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  • 1.
    Berthenet, Elvire
    et al.
    Swansea University, United Kingdom.
    Yahara, Koji
    National Institute of Infectious Diseases, Toyama, Japan.
    Thorell, Kaisa
    Karolinska Institutet, Stockholm, Sweden.
    Pascoe, Ben
    University of Bath, United Kingdom.
    Meric, Guillaume
    University of Bath, United Kingdom.
    Mikhail, Jane M.
    Swansea University, United Kingdom / Cardiff University, United Kingdom.
    Engstrand, Lars
    Karolinska Institutet, Stockholm, Sweden.
    Enroth, Helena
    Högskolan i Skövde, Institutionen för biovetenskap. Högskolan i Skövde, Forskningscentrum för Systembiologi.
    Burette, Alain
    Centre Hospitalier Interrégional Edith Cavell/Site de la Basilique, Brussels, Belgium.
    Megraud, Francis
    Centre National de Référence des Campylobacters et des Hélicobacters, Bordeaux, France / University Bordeaux, France.
    Varon, Christine
    University Bordeaux, France.
    Atherton, John C.
    Nottingham Digestive Diseases Centre and National Institute for Health Research (NIHR) Nottingham Biomedical Research Centre, Nottingham University Hospitals NHS Trust and University of Nottingham, Nottingham, United Kingdom.
    Smith, Sinead
    Trinity College Dublin, Ireland.
    Wilkinson, Thomas S.
    Swansea University Medical School, Swansea University, Microbiology and Infectious Disease Group, Swansea, United Kingdom.
    Hitchings, Matthew D.
    Swansea University, United Kingdom.
    Falush, Daniel
    University of Bath, United Kingdom.
    Sheppard, Samuel K.
    University of Bath, United Kingdom.
    A GWAS on Helicobacter pylori strains points to genetic variants associated with gastric cancer risk2018Ingår i: BMC Biology, E-ISSN 1741-7007, Vol. 16, nr 1, artikel-id 84Artikel i tidskrift (Refereegranskat)
    Abstract [en]

    BACKGROUND:

    Helicobacter pylori are stomach-dwelling bacteria that are present in about 50% of the global population. Infection is asymptomatic in most cases, but it has been associated with gastritis, gastric ulcers and gastric cancer. Epidemiological evidence shows that progression to cancer depends upon the host and pathogen factors, but questions remain about why cancer phenotypes develop in a minority of infected people. Here, we use comparative genomics approaches to understand how genetic variation amongst bacterial strains influences disease progression.

    RESULTS:

    We performed a genome-wide association study (GWAS) on 173 H. pylori isolates from the European population (hpEurope) with known disease aetiology, including 49 from individuals with gastric cancer. We identified SNPs and genes that differed in frequency between isolates from patients with gastric cancer and those with gastritis. The gastric cancer phenotype was associated with the presence of babA and genes in the cag pathogenicity island, one of the major virulence determinants of H. pylori, as well as non-synonymous variations in several less well-studied genes. We devised a simple risk score based on the risk level of associated elements present, which has the potential to identify strains that are likely to cause cancer but will require refinement and validation.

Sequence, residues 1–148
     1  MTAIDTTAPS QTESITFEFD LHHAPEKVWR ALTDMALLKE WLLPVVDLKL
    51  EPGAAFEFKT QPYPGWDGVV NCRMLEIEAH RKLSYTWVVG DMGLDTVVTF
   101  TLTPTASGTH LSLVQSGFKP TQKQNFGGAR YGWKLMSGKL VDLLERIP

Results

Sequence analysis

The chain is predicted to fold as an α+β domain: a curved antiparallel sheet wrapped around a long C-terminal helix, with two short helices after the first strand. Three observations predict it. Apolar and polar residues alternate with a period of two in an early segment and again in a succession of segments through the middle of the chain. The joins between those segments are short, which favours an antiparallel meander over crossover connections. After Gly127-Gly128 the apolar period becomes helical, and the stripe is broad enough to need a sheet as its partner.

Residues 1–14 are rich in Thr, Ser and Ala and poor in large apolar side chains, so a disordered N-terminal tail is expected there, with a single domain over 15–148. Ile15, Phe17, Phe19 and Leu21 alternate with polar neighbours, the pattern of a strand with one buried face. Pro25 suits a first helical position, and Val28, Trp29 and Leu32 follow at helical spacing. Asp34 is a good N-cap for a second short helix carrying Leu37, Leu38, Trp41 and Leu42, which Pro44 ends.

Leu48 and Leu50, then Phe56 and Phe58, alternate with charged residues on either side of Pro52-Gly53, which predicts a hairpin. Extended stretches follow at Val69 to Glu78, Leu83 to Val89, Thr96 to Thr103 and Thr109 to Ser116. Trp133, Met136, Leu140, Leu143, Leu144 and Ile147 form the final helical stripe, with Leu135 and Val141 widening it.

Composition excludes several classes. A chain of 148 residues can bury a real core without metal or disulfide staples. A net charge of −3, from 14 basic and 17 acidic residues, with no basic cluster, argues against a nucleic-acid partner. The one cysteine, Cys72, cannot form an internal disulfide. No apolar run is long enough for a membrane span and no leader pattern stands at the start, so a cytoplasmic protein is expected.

CONCLUSION:

    There are a number of challenges to applying GWAS to bacterial infections, including the difficulty of obtaining matched controls, multiple strain colonization and the possibility that causative strains may not be present when disease is detected. Our results demonstrate that bacterial factors have a sufficiently strong influence on disease progression that even a small-scale GWAS can identify them. Therefore, H. pylori GWAS can elucidate mechanistic pathways to disease and guide clinical treatment options, including for asymptomatic carriers.

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  • 2.
    Enroth, Helena
    et al.
    Högskolan i Skövde, Institutionen för biovetenskap. Högskolan i Skövde, Forskningscentrum för Systembiologi. Unilabs AB.
    Engstrand, L.
    Karolinska Institute and Science for Life Laboratory.
    Infectious Diseases: Helicobacter pylori2015Ingår i: Reference Module in Biomedical Sciences, Elsevier, 2015Kapitel i bok, del av antologi (Övrigt vetenskapligt)
    Abstract [en]

    Abstract Helicobacter pylori infection is one of the most common human infections in the world. The bacteria cause peptic ulcer disease and their infection is an important factor for gastric cancer development. The bacteria are transmitted from person to person within families, with young children most often infected. The bacteria reside in the stomach for a lifetime if untreated by antimicrobial agents. Many virulence factors are known that contribute to the persistence of the bacteria in the stomach, and the bacteria harbors a pathogenicity island in its genome. The discovery of H. pylori as a cause of gastritis in the stomach led to the Nobel Prize in Physiology or Medicine 2005.

  • 3.
    Enroth, Helena
    et al.
    Högskolan i Skövde, Institutionen för biovetenskap. Högskolan i Skövde, Forskningscentrum för Systembiologi. Department of Clinical Microbiology, Unilabs AB, Skövde, Sweden.
    Retz, Karolina
    Högskolan i Skövde, Institutionen för biovetenskap. Högskolan i Skövde, Forskningscentrum för Systembiologi. Department of Clinical Microbiology, Unilabs AB, Skövde, Sweden.
    Andersson, Sofie
    Department of Clinical Microbiology, Unilabs AB, Skövde, Sweden.
    Andersson, Carl
    Högskolan i Skövde, Institutionen för biovetenskap. Högskolan i Skövde, Forskningscentrum för Systembiologi. Department of Clinical Microbiology, Unilabs AB, Skövde, Sweden.
    Svensson, Kristina
    Department of Clinical Microbiology, Unilabs AB, Skövde, Sweden.
    Ljungström, Lars
    Department of Infectious Diseases, Skaraborg Hospital, Skövde, Sweden.
    Tilevik, Diana
    Högskolan i Skövde, Institutionen för biovetenskap. Högskolan i Skövde, Forskningscentrum för Systembiologi.
    Pernestig, Anna-Karin
    Högskolan i Skövde, Institutionen för biovetenskap. Högskolan i Skövde, Forskningscentrum för Systembiologi.